Running like their lives depend on it—because in some cases, they do

Kayla Charles
The girls gather at the Spring States meet 2019 with the many medals and trophies they have won.

TOWAMENCIN — Runners stand in their lanes, making quick movements with the desperate intention of relieving their last-minute jitters. With sweaty palms, they adjust their blocks and prepare themselves both mentally and physically. Squatting down into position, fingertips on the line, and at this point, the mentality of the athlete is everything. “Runners to your marks…set…” Pew! And just like that… the runners are off, digging their spikes into the track stride after stride. 

This visual is only a recurring dream for many of the runners at North Penn as they haven’t had a season in well over a year. Track and Field is a sport that takes time and diligence and by the end of the season, your blood, sweat, and tears are left out there on that track. 

Covid has impacted the Track and Field team at North Penn immensely because of the timing it struck them. March 4th: the first day of spring sports. March 13th: the day the state was shut down. The Knights were forced to put an end to their season at the very start. The runners haven’t had real competition since last winter, deterring many of the athletes from running in college.

Head Coach Brandon Turner believes that his athletes are more than ready to compete. For every door that closes, a new one opens and provides opportunity. 

“The girls are looking great and are putting in the work to no ends in order to make this coming season a success,” Turner said. 

Track and field is a sport like no other, especially when it comes to recruiting because it is a time-based sport. Field sports tend to have recruiters physically come to showcases and watch the athletes compete. This is one of the main differences between sports like soccer and football compared to track. This is also one of the biggest setbacks for our runners who plan to run collegiately. The runners have not updated their times, which are nearly a year old, making it harder to advance in the recruiting process.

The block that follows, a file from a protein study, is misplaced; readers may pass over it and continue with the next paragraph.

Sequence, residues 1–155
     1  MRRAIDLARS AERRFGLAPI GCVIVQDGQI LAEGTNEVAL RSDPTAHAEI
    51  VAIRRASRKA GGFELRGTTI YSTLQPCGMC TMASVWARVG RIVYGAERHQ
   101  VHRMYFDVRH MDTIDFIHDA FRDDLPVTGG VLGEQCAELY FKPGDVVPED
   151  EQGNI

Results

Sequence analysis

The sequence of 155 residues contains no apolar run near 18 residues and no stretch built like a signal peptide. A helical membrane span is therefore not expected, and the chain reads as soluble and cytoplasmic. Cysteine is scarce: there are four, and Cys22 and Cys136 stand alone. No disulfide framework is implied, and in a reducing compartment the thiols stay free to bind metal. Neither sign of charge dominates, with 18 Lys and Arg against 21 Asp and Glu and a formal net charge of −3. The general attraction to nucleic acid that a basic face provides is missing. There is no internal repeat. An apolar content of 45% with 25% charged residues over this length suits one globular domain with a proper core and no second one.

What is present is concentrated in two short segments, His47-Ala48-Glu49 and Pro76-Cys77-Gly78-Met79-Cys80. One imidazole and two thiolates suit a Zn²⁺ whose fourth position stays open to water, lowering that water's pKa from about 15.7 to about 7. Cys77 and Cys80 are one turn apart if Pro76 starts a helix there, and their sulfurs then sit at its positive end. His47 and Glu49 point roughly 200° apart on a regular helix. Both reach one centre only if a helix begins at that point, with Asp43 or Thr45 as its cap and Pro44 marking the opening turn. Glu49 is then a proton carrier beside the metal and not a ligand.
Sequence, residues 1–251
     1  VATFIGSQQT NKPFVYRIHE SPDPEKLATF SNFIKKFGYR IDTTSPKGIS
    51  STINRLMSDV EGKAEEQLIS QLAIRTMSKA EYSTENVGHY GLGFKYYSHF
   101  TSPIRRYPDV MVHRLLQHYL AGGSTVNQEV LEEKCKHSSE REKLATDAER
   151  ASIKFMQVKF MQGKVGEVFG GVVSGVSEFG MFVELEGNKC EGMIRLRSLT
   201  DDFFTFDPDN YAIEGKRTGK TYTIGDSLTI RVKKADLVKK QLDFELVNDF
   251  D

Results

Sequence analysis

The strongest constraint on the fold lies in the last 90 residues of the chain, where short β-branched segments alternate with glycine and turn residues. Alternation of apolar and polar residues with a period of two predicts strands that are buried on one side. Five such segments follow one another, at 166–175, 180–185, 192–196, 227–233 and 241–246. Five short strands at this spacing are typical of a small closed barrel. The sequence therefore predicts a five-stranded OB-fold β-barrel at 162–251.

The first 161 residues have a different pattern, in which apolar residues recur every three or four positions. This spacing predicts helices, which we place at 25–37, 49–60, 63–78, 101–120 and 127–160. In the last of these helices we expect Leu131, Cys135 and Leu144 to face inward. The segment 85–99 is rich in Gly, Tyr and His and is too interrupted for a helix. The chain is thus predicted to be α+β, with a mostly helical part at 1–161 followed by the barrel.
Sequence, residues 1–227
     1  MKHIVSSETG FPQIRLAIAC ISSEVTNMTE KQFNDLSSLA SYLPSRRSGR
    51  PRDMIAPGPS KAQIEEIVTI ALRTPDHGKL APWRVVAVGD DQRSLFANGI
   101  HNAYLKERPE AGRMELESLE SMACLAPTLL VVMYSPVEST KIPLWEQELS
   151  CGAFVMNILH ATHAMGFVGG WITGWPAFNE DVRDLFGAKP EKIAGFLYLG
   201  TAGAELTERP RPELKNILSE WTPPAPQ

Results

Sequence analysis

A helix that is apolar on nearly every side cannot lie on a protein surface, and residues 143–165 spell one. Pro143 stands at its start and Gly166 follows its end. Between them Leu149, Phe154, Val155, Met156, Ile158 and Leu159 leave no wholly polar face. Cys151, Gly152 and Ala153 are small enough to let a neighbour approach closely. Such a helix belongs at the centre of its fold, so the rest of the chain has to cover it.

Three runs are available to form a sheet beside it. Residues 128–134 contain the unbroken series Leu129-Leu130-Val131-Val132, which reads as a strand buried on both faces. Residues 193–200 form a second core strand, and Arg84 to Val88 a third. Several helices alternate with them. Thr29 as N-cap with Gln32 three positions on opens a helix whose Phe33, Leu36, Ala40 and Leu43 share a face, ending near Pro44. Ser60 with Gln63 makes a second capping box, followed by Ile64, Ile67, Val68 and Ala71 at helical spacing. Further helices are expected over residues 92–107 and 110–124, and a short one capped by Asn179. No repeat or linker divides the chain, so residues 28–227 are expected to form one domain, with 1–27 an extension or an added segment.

Senior, captain, and four-year varsity letter winner, Megan Gambogi, avidly plans on running collegiately, but her plans are far from solidified due to the pandemic. She is anxiously waiting for the spring to see what is in store for her senior season at North Penn. She has been training every day to prepare for the Spring with high hopes of personal records and maybe even district and state titles. 

“All throughout quarantine I have been running 6 to 7 days a week and I even ran cross country this year for the first time,” Gambogi said.

With the uncertainty of the virus, Gambogi wasn’t sure whether or not she would have her senior season on the track team, so she decided to take a leap of faith and try out cross country. Despite their shortened season, she was grateful for the fact that she was able to compete and get the extra training in. 

With the vaccine on its way, the likelihood of spring sports starting up is greater than ever before. Many of our athlete’s careers are on the line this season—it is now or never. Our track and field runners are ready to hit the track, break records, set state/district titles, and become champions.